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We’re very far away from a children’s story, as we should be, if faithfulness to the increasing darkness of the books is to be kept. I’m sure there will be a lot of talk about the “dance in the tent” scene, and many will be against it, but I found it precious. Yes, it’s not in the book but it just felt right. I’ll need to download that song from iTunes (it’s Nick Cave’s O Children – I bet it’ll become a top-seller in days!).
I feel very proud to have followed the story almost from the start. We are really the Chosen Ones for having lived in a world where the outcome of The Boy Who Lived was still unknown…
And talking about magical worlds, I’ll move on the Fables.
A friend who’s a big graphic-novels fan came to visit and we took him a tour of the specialized shops, which are many and good around here. I asked him for a recommendation and he directed me to Bill Willingham’s Fables series. Similar to A League of Extraordinary Gentlemen, Legends in Exile (the first book) is full of more or less obscure references to fairy tales, so how could I not love it?
The Fairy Tale world has been taken over by a still-unknown evil force and fortunately some inhabitants were able to seek exile in our own world. Here they’ve infiltrated our society and live an apparently common life. However, they have their own Government, led by Snow White (who became a very competent bureaucrat), and their own laws. This first story follows S. White and B. Wolf in their attempt to discover who killed Snow’s sister, Rose Red. Rose’s boyfriend is the same Jack who climbed the bean stalk, while her former fiancé is Blue Beard.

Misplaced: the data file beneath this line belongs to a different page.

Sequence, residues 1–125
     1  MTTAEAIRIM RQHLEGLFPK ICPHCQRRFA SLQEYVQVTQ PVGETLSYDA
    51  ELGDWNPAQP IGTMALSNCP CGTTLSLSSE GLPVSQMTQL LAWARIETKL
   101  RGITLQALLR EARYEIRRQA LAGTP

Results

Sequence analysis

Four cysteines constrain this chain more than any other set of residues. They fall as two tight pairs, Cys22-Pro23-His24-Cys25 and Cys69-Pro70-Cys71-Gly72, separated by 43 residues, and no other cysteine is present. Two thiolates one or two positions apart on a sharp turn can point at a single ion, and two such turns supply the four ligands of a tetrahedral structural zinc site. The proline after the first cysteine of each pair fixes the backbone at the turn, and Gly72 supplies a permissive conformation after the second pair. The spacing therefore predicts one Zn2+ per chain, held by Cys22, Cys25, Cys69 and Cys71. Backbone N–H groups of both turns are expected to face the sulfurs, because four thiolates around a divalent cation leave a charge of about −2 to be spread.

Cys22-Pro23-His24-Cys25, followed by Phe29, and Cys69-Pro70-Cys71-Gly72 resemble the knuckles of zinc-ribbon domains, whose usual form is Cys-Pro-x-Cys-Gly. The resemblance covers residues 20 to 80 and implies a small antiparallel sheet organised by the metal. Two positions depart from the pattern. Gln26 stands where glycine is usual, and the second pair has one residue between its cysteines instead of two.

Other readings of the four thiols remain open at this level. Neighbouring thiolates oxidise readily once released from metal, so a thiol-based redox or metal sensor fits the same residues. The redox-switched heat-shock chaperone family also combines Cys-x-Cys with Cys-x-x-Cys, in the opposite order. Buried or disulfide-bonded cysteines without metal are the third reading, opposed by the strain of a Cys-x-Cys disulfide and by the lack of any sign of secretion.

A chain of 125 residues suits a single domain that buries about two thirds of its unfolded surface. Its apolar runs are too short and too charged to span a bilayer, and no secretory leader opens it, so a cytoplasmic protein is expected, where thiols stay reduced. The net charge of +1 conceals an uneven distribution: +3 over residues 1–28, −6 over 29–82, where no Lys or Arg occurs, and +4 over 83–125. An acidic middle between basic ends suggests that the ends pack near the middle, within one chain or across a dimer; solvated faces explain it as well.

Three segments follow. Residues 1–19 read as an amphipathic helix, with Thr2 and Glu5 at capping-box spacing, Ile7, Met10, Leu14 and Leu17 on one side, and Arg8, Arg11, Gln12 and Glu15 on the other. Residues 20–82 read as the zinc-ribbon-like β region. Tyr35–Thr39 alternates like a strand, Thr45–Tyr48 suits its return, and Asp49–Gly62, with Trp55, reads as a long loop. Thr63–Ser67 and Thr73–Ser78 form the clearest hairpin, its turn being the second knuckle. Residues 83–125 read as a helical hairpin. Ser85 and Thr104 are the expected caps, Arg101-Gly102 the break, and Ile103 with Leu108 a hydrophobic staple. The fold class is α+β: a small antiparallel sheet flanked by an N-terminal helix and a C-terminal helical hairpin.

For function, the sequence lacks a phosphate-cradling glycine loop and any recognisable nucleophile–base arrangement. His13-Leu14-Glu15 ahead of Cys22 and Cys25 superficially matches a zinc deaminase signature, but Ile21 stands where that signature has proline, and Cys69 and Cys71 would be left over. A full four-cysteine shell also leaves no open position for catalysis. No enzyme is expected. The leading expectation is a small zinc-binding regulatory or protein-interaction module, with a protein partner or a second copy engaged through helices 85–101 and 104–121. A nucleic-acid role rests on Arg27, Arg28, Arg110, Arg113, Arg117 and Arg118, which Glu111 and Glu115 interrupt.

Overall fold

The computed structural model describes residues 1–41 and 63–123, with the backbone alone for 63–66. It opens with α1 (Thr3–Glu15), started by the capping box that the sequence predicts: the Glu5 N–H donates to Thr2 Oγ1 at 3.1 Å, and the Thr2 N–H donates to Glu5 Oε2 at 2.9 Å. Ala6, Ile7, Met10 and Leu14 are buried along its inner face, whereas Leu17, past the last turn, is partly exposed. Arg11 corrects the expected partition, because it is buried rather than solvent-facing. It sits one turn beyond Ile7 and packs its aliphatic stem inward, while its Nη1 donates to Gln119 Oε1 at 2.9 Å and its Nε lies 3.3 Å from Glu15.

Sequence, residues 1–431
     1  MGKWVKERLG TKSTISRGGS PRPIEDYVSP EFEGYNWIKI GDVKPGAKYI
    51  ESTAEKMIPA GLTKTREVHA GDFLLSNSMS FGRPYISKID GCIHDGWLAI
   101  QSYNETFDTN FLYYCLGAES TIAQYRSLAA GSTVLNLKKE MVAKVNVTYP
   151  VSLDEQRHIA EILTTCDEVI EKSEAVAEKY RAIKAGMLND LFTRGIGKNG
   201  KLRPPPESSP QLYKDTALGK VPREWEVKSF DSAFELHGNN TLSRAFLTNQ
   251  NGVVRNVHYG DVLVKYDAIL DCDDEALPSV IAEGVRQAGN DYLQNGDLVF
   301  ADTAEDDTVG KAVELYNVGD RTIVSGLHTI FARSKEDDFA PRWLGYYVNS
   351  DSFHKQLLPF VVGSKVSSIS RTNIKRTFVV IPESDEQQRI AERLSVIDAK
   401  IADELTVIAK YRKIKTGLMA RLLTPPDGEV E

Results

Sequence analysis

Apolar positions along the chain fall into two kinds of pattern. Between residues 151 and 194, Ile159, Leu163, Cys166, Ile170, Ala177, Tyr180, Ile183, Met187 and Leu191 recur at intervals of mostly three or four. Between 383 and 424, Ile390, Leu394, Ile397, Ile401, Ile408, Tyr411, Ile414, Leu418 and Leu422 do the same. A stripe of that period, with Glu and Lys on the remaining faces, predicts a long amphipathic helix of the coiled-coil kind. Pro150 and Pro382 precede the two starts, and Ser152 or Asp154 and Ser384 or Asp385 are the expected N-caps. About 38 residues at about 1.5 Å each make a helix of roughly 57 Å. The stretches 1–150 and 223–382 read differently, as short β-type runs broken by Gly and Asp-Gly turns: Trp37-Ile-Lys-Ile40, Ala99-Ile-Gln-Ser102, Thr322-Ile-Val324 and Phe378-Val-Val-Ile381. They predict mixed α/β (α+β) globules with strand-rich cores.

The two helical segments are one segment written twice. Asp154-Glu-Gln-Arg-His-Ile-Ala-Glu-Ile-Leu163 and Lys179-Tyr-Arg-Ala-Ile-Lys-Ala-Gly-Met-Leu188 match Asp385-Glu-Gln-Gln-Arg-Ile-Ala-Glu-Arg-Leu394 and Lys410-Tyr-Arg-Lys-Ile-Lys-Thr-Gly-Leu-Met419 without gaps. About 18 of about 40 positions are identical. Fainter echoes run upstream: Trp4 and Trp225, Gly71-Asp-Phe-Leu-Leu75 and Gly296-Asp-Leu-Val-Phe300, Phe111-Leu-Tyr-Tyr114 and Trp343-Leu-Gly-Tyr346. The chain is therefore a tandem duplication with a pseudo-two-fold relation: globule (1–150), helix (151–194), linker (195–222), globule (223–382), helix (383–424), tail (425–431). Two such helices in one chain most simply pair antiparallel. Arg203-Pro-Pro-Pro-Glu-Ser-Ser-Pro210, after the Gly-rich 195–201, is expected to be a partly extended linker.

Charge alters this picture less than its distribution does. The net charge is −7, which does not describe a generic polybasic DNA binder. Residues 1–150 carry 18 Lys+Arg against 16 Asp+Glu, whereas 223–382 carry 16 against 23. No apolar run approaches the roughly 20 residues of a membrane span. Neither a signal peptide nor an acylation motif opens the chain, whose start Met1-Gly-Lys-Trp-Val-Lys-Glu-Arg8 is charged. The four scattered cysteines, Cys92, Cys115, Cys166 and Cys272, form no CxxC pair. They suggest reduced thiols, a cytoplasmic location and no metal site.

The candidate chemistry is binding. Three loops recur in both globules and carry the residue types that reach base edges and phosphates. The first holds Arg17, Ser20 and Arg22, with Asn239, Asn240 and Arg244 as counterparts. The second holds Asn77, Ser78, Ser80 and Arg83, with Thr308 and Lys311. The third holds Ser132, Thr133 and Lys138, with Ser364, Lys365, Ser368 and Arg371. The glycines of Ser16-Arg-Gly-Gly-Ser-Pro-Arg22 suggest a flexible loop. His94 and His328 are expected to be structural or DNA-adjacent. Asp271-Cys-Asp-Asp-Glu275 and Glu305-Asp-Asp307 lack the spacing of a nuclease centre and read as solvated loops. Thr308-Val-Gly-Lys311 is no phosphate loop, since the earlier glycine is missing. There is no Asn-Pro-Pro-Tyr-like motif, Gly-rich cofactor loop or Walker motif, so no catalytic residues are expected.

The book as many moments of great tongue-in-cheek humor, most of it involving Snow’s previous husband and incorrigible womanizer Prince Charming, but in the end it’s a very cynical look at what happens after the Happily Ever After: former prices are broke, characters who aren’t human are doubly exiled in an isolated farm, and everyone seems in general not to be very happy with their current situation.
Some of the characters come from Anglo-Saxon tales and nursery rhymes, and I didn’t recognize them until Wikipedia came to the rescue, like King Cole. Boy Blue I only knew from the “Cat’s in the Cradle” song (Little boy blue and the men on the moon…) and Jack Be Nimble from yet another song, Don McLean’s “American Pie” (Jack be nimble, jack be quick, jack flash sat on a candlestick…)
Visually, Fables is similar to other DC/Marvel comics, full of muscular men and voluptuous, red-lipped, perfectly-eyebrowed women, dressed in clingy clothes. I usually have to make an effort to get past this, and suspect it has a lot to do with why most women are a bit put off by traditional comics. I even mentioned it to my friend and he replied “But they’re not human! They never grown fat or old!”. Don’t they? Ok, fair enough, it’s a good argument and it helps me deal better with how unrealistic they all look.